When Brown returned from work the following morning (January 27), she checked on her kids. Mikkah was in bed with Edwards and appeared to be asleep. When Brown kissed Mikkah, she noticed an abrasion on his forehead. Brown asked Edwards about the injury, and he responded that Mikkah might have fallen off a toilet. Edwards took the child out of the room, telling Brown to rest and reassuring her that Mikkah was fine and just tired from staying up late. Brown noticed that Mikkah's head was "wobbly" when Edwards picked him up.

         At some point, A.B. told Brown that he saw Edwards swinging Mikkah around by his neck the night before. Brown tried to wake Mikkah, but he was unresponsive and his head was "flopping around." Brown rushed Mikkah to a pediatric urgent care facility, accompanied by Edwards and her two other children. Nurses told Brown that Mikkah was in respiratory arrest and needed to be airlifted to a children's hospital. The police were called after A.B. told urgent care staff about Edwards's actions the previous night. Edwards told the police that Mikkah had been sick and throwing up and that Edwards began to play fight with the child to "get his energy level back up."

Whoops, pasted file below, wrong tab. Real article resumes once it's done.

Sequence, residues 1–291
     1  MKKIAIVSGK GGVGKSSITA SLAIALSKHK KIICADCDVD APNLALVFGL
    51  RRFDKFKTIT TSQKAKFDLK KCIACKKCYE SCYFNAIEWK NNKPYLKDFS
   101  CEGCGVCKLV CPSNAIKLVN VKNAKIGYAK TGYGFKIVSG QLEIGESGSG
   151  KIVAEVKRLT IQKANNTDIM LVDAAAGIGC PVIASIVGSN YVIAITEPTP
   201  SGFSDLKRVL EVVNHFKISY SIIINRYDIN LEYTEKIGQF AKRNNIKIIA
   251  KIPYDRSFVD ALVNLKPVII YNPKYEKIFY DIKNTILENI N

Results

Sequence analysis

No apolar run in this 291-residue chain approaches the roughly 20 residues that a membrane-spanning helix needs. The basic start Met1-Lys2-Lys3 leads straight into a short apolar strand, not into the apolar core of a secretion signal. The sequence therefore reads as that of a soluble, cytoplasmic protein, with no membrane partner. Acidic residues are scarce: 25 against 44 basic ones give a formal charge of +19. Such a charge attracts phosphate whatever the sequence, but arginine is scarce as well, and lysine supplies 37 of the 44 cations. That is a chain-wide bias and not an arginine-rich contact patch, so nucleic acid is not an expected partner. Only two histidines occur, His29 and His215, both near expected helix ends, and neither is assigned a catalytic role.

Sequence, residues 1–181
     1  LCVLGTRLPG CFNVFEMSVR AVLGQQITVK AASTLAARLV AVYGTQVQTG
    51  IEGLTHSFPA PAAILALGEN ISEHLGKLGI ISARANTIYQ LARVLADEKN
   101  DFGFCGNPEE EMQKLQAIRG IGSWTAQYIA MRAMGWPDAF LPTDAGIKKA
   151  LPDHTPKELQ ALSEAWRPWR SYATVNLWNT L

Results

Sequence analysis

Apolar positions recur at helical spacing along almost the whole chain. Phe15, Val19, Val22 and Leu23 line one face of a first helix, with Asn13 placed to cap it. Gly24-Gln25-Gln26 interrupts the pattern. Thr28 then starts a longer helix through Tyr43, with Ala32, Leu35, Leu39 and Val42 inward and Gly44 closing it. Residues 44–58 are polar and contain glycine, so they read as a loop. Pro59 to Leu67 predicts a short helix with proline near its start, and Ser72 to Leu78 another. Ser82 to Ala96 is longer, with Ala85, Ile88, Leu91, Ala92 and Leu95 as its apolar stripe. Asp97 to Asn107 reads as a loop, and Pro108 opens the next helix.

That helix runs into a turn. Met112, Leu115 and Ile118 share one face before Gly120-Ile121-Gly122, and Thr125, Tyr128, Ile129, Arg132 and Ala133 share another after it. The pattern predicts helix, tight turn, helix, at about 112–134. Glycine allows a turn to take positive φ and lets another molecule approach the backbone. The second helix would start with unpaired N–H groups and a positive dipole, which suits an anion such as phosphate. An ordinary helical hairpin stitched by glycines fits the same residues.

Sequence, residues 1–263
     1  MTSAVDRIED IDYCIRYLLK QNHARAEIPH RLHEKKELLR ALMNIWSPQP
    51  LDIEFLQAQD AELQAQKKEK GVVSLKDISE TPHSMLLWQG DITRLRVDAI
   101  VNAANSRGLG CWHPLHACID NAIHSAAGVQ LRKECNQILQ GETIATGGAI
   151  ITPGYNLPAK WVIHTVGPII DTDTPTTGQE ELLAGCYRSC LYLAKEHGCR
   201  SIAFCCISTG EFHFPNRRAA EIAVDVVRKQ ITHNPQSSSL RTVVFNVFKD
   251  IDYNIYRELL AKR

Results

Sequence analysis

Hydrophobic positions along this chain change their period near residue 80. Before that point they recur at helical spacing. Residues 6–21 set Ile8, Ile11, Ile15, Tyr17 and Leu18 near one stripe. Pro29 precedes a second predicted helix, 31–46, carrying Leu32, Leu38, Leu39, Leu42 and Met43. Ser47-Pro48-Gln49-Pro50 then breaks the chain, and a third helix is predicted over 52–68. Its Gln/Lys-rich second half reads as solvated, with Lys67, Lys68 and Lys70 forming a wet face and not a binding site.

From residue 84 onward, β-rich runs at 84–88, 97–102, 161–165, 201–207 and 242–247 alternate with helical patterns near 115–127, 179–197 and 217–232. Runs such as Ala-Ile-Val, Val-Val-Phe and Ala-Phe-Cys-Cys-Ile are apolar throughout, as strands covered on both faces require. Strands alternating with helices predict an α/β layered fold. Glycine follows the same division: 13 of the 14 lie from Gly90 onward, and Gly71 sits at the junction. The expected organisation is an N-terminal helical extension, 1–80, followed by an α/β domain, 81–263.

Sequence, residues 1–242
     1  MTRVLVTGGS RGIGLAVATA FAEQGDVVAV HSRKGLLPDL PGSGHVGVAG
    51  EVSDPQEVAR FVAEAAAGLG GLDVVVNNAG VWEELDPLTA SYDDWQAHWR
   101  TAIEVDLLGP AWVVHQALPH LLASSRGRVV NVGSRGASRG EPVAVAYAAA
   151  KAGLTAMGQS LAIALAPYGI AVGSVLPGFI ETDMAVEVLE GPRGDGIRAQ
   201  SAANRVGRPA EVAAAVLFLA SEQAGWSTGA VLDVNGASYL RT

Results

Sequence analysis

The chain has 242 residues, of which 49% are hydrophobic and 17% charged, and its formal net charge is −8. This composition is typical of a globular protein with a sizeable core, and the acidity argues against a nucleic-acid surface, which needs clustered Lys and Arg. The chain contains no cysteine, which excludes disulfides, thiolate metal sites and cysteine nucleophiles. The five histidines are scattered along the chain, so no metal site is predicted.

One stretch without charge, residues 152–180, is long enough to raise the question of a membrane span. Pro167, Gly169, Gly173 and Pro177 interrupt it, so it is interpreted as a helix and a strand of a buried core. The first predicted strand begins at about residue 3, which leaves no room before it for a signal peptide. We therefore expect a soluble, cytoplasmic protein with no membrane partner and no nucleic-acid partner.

After being airlifted to the children's hospital, Mikkah was placed on life support. Doctors told Brown that Mikkah had severe brain damage, part of his brain stem was gone, and he would never breathe or eat on his own or speak again. Mikkah was taken off life support after a few days and died as a result of his injuries.

         A medical examiner testified that Mikkah's cause of death was blunt force head trauma evidenced by retinal hemorrhages, a swollen brain, subdural hemorrhages, and two skull fractures caused by at least two forceful impacts to the child's head. A physician with experience in child abuse issues who evaluated Mikkah at the children's hospital testified that the retinal hemorrhages were consistent with rapid acceleration and deceleration of the head, such as by significant and forceful head trauma. The doctors also described the child's other injuries, including a tear to the child's frenulum likely caused by a very forceful impact to the mouth; abrasions and bruising on the neck, back, and chest; and additional hemorrhages in the thoracic and lumbar regions of the child's spinal cord.